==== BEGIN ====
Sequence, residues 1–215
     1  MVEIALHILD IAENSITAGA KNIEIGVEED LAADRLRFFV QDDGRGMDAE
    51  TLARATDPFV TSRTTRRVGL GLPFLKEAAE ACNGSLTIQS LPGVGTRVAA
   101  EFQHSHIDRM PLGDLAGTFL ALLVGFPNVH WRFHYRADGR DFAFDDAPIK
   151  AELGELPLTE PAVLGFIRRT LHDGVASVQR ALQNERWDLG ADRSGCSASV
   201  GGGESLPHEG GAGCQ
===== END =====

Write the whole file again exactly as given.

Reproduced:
Sequence, residues 1–215
     1  MVEIALHILD IAENSITAGA KNIEIGVEED LAADRLRFFV QDDGRGMDAE
    51  TLARATDPFV TSRTTRRVGL GLPFLKEAAE ACNGSLTIQS LPGVGTRVAA
   101  EFQHSHIDRM PLGDLAGTFL ALLVGFPNVH WRFHYRADGR DFAFDDAPIK
   151  AELGELPLTE PAVLGFIRRT LHDGVASVQR ALQNERWDLG ADRSGCSASV
   201  GGGESLPHEG GAGCQ